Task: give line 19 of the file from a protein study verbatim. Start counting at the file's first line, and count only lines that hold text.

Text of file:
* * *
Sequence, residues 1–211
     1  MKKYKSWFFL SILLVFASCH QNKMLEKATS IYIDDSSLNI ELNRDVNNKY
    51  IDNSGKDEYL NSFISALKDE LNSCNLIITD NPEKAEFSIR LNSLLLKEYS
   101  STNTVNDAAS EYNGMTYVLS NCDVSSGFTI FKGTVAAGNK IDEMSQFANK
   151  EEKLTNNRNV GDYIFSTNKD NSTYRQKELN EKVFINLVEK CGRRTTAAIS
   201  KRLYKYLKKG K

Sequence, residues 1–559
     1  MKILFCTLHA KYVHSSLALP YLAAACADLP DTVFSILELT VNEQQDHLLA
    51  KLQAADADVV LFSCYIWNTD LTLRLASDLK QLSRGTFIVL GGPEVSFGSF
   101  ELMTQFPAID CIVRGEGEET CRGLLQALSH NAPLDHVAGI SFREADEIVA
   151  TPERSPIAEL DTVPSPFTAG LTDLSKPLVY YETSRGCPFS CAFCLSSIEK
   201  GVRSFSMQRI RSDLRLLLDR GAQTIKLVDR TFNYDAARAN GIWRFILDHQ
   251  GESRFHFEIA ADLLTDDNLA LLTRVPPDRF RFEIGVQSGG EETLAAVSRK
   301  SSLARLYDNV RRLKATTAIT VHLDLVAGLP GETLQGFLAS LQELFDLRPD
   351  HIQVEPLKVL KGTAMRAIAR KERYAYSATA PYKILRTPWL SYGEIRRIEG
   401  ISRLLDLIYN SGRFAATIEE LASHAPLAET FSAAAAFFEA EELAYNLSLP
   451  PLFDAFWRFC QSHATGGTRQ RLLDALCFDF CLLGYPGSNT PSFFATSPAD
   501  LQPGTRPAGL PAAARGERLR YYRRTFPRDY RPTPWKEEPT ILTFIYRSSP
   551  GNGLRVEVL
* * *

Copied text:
   551  GNGLRVEVL